Most of this music I never listened to. I actually hated ABBA, and although I owned four ZZ Top albums, I couldn’t tell you the name of one. What was really driving me, I wonder? Curiosity played a role, but now, years later, I can see that what I really wanted was to belong to an elite and rarefied group. This was not a conscious impulse, and, had you suggested it to me, I would have denied it. But that was the perverse lure of the piracy underground, the point that almost everyone missed. It wasn’t just a way to get the music; it was its own subculture.
I was at the very forefront of the digital download trend. Had I been just a couple of years older, I doubt I would have become so involved. My older friends regarded piracy with skepticism, and sometimes outright hostility. This was true even for those who loved music—in fact, it was especially true for them. Record collecting had been a subculture too, and, for that vanishing breed, finding albums proved to be an exhilarating challenge, one that involved scouring garage sales, sifting through bargain bins, joining mailing lists for bands, and Tuesday visits to the record store. But for me, and those younger, collecting was effortless: the music was simply there. The only hard part was figuring out what to listen to.
As I was browsing through my enormous list of albums one day a few years ago, a fundamental question struck me: where had all this music come from, anyway? I didn’t know the answer, and as I researched it, I realized that no one else did either. There had been heavy coverage of the mp3 phenomenon, of course, and of Apple and Napster and the Pirate Bay, but there had been little talk of the inventors, and almost none at all of those who actually pirated the files.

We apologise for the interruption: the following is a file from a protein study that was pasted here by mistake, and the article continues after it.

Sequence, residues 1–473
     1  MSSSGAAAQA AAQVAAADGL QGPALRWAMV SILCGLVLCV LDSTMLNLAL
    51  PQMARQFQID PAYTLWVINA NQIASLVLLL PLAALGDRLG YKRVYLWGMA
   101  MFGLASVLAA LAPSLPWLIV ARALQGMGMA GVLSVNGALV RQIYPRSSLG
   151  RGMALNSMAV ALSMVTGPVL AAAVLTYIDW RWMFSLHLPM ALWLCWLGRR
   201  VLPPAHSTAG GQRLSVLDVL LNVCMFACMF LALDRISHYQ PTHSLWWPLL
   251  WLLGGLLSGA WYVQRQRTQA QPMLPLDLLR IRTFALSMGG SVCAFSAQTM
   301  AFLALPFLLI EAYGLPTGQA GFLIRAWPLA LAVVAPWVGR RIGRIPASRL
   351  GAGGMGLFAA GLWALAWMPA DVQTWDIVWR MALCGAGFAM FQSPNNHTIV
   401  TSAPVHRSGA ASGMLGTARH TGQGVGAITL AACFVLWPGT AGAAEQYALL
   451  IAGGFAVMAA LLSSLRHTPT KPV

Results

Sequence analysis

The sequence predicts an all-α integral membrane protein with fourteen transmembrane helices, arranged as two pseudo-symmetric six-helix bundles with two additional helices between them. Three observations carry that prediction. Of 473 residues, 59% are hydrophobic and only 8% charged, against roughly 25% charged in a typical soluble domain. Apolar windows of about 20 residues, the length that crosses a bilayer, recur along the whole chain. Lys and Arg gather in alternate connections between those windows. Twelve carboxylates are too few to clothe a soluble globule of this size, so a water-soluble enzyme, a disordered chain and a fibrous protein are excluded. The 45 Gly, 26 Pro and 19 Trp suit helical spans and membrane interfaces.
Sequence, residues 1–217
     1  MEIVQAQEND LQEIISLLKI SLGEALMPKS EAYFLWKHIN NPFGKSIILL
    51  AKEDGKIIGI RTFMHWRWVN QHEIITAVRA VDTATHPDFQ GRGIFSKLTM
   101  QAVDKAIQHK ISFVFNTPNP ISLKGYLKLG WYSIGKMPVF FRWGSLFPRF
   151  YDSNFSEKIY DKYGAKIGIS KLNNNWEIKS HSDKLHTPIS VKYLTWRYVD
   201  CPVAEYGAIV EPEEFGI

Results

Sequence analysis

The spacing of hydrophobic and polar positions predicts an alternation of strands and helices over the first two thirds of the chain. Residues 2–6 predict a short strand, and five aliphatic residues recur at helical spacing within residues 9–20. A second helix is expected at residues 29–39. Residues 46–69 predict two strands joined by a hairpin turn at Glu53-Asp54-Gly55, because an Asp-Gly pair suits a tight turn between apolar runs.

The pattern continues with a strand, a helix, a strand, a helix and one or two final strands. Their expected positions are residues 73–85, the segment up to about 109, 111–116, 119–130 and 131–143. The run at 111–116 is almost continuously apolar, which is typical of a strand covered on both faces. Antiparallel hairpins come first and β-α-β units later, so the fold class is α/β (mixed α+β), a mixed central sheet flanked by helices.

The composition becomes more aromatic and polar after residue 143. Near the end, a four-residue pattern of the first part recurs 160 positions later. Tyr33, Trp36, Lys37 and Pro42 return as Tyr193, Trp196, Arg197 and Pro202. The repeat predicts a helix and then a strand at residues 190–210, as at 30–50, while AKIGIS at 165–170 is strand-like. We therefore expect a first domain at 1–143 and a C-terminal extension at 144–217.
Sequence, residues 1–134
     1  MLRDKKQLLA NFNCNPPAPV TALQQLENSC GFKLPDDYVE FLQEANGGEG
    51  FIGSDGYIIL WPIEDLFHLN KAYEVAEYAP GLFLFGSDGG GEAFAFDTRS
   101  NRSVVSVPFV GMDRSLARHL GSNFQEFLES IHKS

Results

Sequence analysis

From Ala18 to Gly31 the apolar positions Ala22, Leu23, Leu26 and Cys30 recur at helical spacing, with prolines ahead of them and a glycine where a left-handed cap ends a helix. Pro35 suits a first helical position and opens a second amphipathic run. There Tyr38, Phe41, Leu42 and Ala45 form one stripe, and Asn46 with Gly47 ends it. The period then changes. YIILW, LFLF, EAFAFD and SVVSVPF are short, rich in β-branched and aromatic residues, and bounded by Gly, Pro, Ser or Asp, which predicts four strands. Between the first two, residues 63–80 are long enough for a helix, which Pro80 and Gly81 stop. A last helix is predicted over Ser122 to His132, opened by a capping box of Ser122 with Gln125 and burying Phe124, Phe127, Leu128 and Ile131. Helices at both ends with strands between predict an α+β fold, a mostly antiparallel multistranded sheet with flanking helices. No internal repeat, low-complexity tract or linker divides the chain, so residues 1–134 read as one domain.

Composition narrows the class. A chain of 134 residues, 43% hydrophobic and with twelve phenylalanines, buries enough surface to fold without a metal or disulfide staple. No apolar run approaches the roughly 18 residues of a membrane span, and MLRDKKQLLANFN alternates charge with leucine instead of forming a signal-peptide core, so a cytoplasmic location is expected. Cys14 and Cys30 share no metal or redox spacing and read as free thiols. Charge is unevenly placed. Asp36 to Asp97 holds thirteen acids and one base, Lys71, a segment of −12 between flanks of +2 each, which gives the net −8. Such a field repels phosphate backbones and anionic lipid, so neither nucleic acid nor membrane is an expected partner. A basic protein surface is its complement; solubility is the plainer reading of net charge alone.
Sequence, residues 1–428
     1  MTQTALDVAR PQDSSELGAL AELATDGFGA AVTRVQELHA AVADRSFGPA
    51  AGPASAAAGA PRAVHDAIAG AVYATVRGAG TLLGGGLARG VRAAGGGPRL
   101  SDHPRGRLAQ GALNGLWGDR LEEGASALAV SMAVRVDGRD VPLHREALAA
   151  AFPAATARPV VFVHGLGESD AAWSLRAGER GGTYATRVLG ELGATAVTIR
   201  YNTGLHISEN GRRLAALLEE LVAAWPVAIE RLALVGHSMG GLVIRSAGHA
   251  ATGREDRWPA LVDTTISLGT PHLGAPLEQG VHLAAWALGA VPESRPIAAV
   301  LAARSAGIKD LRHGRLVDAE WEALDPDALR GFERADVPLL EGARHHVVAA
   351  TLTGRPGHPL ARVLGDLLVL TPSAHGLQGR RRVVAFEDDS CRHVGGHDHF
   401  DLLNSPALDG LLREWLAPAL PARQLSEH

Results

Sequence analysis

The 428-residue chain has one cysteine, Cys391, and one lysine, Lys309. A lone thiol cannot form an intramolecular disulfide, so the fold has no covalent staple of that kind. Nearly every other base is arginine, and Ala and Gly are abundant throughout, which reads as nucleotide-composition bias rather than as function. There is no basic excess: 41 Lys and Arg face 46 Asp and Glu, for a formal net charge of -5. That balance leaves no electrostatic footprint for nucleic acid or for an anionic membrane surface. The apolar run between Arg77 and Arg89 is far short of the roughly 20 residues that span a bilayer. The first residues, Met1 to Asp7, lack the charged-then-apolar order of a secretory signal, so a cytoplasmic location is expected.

I became obsessed, and as I researched more, I began to find the most wonderful things. I found the manifesto from the original mp3 piracy clique, a document so old I needed an MS-DOS emulator just to view it. I found the cracked shareware demo for the original mp3 encoder, which even its inventors had considered lost. I found a secret database that tracked thirty years of leaks—software, music, movies—from every major piracy crew, dating back to 1982. I found secret websites in Micronesia and the Congo, registered to shell corporations in Panama, the true proprietors being anyone’s guess. Buried in thousands of pages of court documents, I found wiretap transcripts and FBI surveillance logs and testimony from collaborators in which the details of insidious global conspiracies had been laid bare.
Stephen Witt was born in New Hampshire in 1979 and raised in the Midwest. He graduated from the University of Chicago with a degree in mathematics in 2001. He spent the next six years playing the stock market, working for hedge funds in Chicago and New York. Following a two-year stint in East Africa working in economic development, he graduated from Columbia University’s Graduate School of Journalism in 2011. He lives in Brooklyn, New York.